Thursday, May 14, 2015

Sailing the Sagebrush Sea

Wednesday, May 20, on your local PBS station. For more info on the film go here.

 It is easy, being trapped in a never-ending and rapidly escalating case of shifting baseline syndrome, to forget about how fundamentally altered the Great Plains region is from what it once was. When you see period photos of early settlers stoically looking out over a helluva lot of nothing, and then you look out your car window and see what, at first through tenth glances, seems to be pretty much the same damn thing, it tends to skew how you view the plains.

Such is their lot, with no pretty mountains, no anthropomorphized trees named Luna, no eco-tourism, no X-games venues, and no prairie hippies chaining themselves to the buffalo grass or sagebrush. The plains, our national cathedral of space, wind, and sky, suffer the myriad indignities and abuses of our industrialized world virtually without advocacy or protest or concern. Because, after all, there's just not a helluva lot out there.

Except of course, that there is a helluva lot out there, or used to be; a world now relegated to scattered little pockets here and there, especially on the southern plains, where sage grouse and sharptails did indeed once live, not that long ago. The southern plains, for all their romance and vistas and immense space and distance between points of habitation, are a broken and tamed land, utterly subjegated. For a variety of reason both cultural and political, they are parceled, fragmented, and industrialized beyond any form of landscape-level rehabilitation, or even protection of what little remains.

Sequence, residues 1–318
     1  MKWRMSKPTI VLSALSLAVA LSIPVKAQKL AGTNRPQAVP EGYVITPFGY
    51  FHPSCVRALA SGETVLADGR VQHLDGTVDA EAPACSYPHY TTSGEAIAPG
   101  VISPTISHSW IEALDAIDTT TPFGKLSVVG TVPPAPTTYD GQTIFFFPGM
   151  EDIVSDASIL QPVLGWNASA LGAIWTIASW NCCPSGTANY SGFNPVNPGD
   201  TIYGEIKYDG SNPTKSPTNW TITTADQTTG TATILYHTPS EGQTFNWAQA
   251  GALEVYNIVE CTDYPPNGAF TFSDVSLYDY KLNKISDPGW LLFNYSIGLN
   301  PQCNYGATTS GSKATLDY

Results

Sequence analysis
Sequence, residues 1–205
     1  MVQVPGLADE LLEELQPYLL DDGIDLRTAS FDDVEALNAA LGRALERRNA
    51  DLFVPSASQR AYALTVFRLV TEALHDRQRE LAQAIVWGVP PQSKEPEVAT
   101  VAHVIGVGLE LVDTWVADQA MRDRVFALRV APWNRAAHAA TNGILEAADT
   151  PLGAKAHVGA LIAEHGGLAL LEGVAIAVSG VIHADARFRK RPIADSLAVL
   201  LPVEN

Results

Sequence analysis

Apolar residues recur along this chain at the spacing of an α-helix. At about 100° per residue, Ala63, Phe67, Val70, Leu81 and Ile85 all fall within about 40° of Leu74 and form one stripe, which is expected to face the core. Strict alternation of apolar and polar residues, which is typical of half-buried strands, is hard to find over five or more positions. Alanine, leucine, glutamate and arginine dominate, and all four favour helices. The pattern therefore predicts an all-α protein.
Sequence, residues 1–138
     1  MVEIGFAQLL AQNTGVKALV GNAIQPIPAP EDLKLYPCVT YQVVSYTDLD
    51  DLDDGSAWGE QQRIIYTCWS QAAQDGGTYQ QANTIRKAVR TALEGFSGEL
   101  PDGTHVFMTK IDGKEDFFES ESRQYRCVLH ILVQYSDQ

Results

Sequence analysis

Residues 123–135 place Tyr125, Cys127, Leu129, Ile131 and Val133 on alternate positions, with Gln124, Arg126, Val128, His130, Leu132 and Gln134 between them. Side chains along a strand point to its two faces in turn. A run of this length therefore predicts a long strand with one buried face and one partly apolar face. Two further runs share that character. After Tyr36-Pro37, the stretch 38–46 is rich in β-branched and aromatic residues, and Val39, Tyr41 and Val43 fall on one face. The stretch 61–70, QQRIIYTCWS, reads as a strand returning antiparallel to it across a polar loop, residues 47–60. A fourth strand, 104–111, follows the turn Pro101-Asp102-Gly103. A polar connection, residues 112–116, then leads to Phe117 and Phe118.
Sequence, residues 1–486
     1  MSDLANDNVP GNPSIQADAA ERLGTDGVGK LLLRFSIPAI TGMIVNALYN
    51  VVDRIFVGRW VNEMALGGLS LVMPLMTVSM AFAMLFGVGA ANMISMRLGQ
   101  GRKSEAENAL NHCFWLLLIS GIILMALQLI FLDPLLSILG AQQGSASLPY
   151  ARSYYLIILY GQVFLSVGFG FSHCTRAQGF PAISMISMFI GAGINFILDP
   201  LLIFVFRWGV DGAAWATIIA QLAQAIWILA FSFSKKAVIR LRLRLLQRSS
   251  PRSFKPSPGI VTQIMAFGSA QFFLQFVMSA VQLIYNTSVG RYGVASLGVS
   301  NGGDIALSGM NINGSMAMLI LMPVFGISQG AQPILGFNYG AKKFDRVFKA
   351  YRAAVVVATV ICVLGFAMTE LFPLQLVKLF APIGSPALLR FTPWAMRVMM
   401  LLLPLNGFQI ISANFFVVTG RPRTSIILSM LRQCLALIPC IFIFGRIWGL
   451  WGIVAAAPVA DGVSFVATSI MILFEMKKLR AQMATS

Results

But the northern plains are a different kettle of grouse. Thanks to the inherent evils of the Socialist idea of public land, millions of acres of native sagebrush prairie still remain, at least for the time being. For now, you own it. So do yourself a favor and take the time to learn a little about it. There's a helluva lot to see, out in there in the middle of nothing.           


  1. Thanks for the tip Chad. I watch so little TV any more that there's zero chance I would have stumbled into this.

    Just out of curiosity, any idea why the Blogs I Dig section on your site vibrates from time to time? I thought it was my aging eyes but the rest of the site sits still. Same deal on Mike Sepelak's site ( in his ad section.

  2. ...the windshield splitting gravel road between Ekalaka and Alzada was completed a few years ago...took over fifty years of political infighting to get it done. The closest rail head to Carter County is in Fallon County, 42 miles away.Fewer than 400 people live in the county seat, several thousand in the county...Sage grouse still thrive here...ranches remain in ever increasing size. Open gates on private lands, vast holdings of BLM to the south.It is all I ever wanted...and I do not think we will see it again. The political climate in America will see to it...and we will all be poorer for it. But I will continue to run my 3 bird dogs, kick gravel and drink a beer with the ranchers, and remember what a time I had.